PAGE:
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Before you arrive at a judgement of the paradigm itself be sure that you know some of the standard ways to solve problems in the field.

Some basic things which i didn't knew in the begining :

Fast persistent data structures - Coming from imperative langs, one might be hesitant to write functions which take a million elt vector, modify it and return a new vector. It is important to know that any good implementation of functional data structures will allow you to do this in constant time & speed. (independent of the size of the data structure).

Editor combinators : If you arent aware of this & are modifying a data structure with several levels of nesting, imperative assignment will seem much more convenient, ie dont translate foo.bar[8]=3, into something of this pattern barNew = editVector(foo.bar, 8, 3), fooNew=editMap(foo, "bar", barNew). It gets worse with more levels. Instead, use an editor-combinator library which will allow to you specify the path within the data-structure and a new value just as in the imperative case.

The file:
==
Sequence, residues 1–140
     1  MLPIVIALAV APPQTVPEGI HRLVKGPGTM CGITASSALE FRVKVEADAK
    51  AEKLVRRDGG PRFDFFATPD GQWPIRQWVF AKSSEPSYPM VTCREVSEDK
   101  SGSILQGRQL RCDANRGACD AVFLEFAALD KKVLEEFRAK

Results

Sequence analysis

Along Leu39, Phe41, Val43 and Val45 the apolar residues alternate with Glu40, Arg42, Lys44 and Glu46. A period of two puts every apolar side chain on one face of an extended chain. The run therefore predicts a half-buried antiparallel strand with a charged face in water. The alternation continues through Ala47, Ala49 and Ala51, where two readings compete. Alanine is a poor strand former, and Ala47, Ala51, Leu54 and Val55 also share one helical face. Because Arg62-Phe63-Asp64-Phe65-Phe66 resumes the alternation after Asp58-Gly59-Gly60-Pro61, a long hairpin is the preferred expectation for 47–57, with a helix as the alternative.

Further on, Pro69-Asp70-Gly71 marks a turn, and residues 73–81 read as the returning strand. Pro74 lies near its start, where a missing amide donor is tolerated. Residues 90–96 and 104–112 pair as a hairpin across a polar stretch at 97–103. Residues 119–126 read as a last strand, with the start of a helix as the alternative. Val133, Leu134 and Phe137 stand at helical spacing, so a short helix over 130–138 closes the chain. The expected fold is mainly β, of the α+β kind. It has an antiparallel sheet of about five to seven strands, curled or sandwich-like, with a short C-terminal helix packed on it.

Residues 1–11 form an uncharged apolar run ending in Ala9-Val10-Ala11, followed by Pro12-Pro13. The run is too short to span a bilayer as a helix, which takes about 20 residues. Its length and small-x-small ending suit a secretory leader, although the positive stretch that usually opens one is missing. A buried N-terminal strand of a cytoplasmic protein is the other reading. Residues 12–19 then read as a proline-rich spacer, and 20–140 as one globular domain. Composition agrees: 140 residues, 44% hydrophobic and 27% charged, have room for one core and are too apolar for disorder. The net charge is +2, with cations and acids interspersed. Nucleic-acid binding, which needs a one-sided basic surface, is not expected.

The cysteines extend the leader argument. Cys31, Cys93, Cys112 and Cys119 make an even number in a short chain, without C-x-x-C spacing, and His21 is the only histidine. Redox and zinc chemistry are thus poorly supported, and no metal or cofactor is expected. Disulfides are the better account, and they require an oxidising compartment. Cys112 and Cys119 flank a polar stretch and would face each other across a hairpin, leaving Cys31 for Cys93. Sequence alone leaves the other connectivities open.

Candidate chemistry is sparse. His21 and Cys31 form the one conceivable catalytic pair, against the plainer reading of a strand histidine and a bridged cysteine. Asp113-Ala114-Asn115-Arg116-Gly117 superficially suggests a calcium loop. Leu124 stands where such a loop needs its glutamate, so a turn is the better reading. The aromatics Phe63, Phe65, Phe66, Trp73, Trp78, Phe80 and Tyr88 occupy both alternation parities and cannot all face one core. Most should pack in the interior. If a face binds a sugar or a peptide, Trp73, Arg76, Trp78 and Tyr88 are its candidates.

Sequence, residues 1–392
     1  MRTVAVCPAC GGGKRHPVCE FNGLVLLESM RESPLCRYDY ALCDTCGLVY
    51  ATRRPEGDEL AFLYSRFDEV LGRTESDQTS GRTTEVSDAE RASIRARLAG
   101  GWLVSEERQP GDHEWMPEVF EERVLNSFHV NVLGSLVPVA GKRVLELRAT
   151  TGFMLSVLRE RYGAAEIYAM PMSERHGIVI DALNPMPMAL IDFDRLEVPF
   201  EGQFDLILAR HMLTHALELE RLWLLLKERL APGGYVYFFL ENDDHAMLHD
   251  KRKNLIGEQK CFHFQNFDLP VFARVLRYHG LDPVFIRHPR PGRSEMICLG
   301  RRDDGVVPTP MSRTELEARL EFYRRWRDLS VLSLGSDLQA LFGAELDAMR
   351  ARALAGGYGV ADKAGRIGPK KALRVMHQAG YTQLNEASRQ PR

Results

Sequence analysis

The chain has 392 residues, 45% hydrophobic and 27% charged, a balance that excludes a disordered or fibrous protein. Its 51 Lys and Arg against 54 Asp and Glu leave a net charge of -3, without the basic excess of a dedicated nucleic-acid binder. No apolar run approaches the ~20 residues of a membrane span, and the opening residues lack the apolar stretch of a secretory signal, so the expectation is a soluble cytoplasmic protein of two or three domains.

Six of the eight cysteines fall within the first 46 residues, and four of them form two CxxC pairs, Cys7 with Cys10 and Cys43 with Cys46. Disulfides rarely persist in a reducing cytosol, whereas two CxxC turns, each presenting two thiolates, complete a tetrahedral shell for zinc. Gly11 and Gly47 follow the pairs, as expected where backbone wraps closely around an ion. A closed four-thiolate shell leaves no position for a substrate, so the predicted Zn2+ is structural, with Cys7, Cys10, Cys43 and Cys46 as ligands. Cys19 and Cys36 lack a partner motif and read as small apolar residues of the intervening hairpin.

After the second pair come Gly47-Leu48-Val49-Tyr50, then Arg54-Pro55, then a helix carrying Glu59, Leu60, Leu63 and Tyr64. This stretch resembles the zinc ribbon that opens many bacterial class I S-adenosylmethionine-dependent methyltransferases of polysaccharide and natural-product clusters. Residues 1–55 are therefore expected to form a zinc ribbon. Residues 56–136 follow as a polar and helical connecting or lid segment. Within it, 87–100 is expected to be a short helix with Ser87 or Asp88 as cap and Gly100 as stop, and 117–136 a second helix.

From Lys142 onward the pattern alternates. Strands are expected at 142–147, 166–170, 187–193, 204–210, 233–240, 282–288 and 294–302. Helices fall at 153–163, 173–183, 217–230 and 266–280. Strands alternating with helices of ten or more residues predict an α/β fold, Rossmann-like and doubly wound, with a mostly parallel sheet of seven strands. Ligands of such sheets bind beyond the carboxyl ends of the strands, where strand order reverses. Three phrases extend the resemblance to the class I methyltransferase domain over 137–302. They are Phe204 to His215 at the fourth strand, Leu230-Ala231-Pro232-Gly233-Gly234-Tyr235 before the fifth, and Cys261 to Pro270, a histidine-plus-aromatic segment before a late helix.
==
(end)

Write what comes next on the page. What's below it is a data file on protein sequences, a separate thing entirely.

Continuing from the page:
Things to know which are not strictly FP related, but nevertheless very useful - pattern matching simplifies definitions a lot, typeclasses are usually more convenient than class hierarchies.

Someone has already pointed out advice on libraries, (Clojure or any using any popular language in a functional way).

The main thing which motivates all of this - composability. It is hard to combine procedures with side effects into compound procedures because one needs to keep track of whether the component procedures are interfering with each other. FP eliminates this friction in composition.




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